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The first line of prevention of osteoporosis is to build strong bones early in life. Photo by Adam Gillum.
CHAPEL HILL, N.C. – The term “women’s health” implies a separation between what a female does during adulthood to stay healthy from what she did – or had done for her – as a child. However, more attention than ever is focusing on urging and enabling children to adopt healthy habits that will last a lifetime. The national epidemic of childhood obesity alone has pediatricians, policymakers, school administrators, even the First Lady, as well as parents, involved in a coast-to-coast conversation about eating habits, access to healthy foods and appropriate activity levels for our kids.
In addition to urging girls to substitute an apple for that bag of chips as an after-school snack, there are also some other important aspects of managing a girl’s health too though. The goal is to give her the best start on becoming a healthy woman and habits to maintain that health throughout her lifespan.
Establish a medical home
“We are training pediatricians now to provide medical home services for children,” said Julie Byerley, MD, MPH, a pediatrician and director of the pediatric residency training program at the University of North Carolina at Chapel Hill School of Medicine. “A medical home provides care that is comprehensive, patient-centered, culturally appropriate for an individual patient and family. It’s important that kids have access to that care and continuity with their provider and on ongoing relationship so that the family and child are well-known.”
The first thing that may come to mind is to make sure uninsured and underinsured girls have access to a medical home through a pediatric practice or community health center. Byerley also pointed out even girls who have a medical home may not fully benefit from it if their care is fragmented.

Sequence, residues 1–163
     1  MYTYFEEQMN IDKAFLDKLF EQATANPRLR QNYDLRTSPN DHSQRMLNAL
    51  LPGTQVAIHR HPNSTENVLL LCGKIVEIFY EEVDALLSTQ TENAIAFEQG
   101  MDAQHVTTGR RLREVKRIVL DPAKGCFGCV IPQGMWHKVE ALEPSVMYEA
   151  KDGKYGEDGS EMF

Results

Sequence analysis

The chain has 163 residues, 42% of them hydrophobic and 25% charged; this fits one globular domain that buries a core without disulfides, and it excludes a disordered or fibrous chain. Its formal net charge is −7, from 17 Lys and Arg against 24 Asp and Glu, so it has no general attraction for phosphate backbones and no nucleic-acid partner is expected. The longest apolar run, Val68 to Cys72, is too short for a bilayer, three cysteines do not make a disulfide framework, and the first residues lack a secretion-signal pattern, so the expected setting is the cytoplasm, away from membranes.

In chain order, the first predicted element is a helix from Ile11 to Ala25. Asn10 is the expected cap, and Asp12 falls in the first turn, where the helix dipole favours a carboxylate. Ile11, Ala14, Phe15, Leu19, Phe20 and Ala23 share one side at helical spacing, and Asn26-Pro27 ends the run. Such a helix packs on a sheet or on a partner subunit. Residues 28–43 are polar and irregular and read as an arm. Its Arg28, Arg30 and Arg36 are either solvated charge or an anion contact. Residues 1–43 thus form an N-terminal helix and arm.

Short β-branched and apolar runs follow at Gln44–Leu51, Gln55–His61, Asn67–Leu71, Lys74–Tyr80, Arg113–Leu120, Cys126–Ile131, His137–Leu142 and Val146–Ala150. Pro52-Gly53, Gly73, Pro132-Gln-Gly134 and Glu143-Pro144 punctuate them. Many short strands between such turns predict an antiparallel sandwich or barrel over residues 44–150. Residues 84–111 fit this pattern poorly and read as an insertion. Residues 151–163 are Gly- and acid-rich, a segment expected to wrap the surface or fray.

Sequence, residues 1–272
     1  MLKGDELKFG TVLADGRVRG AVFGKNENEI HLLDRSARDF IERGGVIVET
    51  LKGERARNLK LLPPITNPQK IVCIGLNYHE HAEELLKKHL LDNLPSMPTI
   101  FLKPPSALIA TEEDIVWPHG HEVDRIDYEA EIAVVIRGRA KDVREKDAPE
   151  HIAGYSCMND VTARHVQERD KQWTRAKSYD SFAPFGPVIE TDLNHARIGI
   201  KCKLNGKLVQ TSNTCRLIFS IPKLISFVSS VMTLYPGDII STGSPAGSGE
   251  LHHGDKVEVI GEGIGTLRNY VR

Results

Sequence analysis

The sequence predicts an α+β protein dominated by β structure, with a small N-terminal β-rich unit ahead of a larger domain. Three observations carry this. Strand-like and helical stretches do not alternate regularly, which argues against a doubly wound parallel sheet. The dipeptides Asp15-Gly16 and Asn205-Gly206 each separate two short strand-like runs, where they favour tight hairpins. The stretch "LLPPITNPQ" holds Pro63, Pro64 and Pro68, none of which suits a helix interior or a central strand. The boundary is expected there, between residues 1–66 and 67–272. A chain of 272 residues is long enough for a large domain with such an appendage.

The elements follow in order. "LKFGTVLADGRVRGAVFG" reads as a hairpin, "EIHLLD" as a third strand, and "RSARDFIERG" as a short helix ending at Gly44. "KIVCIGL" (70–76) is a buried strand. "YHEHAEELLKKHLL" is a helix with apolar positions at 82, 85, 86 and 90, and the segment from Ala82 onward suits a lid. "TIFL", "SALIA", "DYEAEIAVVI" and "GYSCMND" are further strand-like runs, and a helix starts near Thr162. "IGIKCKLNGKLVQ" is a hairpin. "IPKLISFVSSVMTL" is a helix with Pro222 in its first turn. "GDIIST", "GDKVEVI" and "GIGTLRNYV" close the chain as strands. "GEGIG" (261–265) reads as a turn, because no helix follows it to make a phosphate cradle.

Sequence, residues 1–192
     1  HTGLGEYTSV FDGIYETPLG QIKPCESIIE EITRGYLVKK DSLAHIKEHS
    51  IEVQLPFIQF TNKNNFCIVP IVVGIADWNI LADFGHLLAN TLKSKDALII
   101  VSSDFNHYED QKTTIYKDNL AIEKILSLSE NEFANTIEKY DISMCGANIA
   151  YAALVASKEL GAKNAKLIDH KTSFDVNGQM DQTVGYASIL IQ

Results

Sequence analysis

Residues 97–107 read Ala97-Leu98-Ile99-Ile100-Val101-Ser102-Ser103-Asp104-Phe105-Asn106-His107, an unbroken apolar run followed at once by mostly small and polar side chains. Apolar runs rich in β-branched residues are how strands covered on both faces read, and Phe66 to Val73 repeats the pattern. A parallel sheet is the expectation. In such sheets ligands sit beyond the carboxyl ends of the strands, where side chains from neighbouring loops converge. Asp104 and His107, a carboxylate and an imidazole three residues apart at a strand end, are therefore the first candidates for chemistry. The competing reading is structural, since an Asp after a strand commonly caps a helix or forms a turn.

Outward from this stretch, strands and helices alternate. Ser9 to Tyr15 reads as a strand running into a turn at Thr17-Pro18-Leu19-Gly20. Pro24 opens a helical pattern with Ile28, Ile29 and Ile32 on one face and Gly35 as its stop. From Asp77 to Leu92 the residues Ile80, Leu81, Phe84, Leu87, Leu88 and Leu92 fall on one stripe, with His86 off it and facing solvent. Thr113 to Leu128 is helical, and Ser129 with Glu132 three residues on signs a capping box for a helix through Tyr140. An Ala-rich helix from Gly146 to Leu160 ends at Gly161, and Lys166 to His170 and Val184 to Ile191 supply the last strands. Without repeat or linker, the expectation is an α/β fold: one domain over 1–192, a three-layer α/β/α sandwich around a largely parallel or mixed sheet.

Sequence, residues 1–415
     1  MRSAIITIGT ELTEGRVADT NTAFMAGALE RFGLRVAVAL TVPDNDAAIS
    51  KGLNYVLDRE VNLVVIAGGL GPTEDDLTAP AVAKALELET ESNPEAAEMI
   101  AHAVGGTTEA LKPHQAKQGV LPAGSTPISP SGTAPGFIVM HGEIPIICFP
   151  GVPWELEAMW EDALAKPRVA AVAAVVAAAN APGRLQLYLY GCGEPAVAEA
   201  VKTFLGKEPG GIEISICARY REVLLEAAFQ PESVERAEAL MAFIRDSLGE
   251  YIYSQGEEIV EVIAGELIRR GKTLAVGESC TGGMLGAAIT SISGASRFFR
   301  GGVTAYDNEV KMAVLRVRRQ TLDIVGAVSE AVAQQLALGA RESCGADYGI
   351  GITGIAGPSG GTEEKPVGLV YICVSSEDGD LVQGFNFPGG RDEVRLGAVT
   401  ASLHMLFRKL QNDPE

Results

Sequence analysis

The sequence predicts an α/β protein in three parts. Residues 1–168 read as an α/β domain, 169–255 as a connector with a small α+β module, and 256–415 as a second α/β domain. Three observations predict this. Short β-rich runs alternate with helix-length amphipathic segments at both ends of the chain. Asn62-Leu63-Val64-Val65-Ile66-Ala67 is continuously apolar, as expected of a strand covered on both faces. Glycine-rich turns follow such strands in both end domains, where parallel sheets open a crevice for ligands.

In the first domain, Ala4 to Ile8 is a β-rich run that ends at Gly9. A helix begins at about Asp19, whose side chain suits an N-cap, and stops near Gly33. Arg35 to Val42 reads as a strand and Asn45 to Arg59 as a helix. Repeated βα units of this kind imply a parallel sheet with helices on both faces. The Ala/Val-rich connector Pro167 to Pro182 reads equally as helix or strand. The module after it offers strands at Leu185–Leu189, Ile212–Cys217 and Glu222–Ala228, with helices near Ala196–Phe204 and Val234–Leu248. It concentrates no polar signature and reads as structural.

For example, while she says it is more important to get vaccinated rather than not, it is ideal for the vaccination or a sports physical to occur within the context of a check up at a girl’s medical home. There the check-up is more comprehensive about the entire realm of a girl’s health than what one would receive at a clinic devoted solely to walking kids through a series of stations for the sports physical or to administer a shot.
She emphasizes that the medical home is a place where the provider has an opportunity to know the family and the girl’s history, build a relationship, anticipate questions about growth and development and answer questions the girl or her family might have.
“That way if a girl needs anything in the future, she feels comfortable returning to that relationship,” she said.
Build healthy bones. Now.
Beyond establishing a medical home, there are other specific aspects of a girl’s health that warrant consideration and may differ from the needs of a boy. One is bone health.
The first line of prevention of osteoporosis is to build strong bones early in life. According to the National Osteoporosis Foundation, 85 percent of adult bone mass is acquired by age 18 in girls (by age 20 in boys). Peak bone density for women is achieved by their mid-20s. After that it is all downhill. Women lose about 0.4 percent of their bone density per year after they reach peak density in their mid-20s, with a much faster rate of loss happening once they enter menopause.
“We are now considering osteoporosis a pediatric concern, not just something to think about for post-menopausal women,” said Michael Evers, MD, an OB/GYN at the UNC School of Medicine who both trains future OB/GYNs and practices in Chapel Hill, N.C. “I tell all of my residents here that no matter why a teen is in for an appointment, make sure she also gets the lecture on getting enough calcium- and vitamin D-rich foods. It’s during her teen years where you can potentially make the biggest impact on her bone health with something as simple as attention to diet or taking a supplement.”
The Institute of Medicine issued a report in 2010 updating recommendations for daily levels of calcium and vitamin D. Girls ages 9-18, should take in 1,300 mg./day of calcium and 600 mg./day of vitamin D, or the equivalent of two cups of milk. This means we want our girls and teens to consider it “cool” to keep drinking their milk.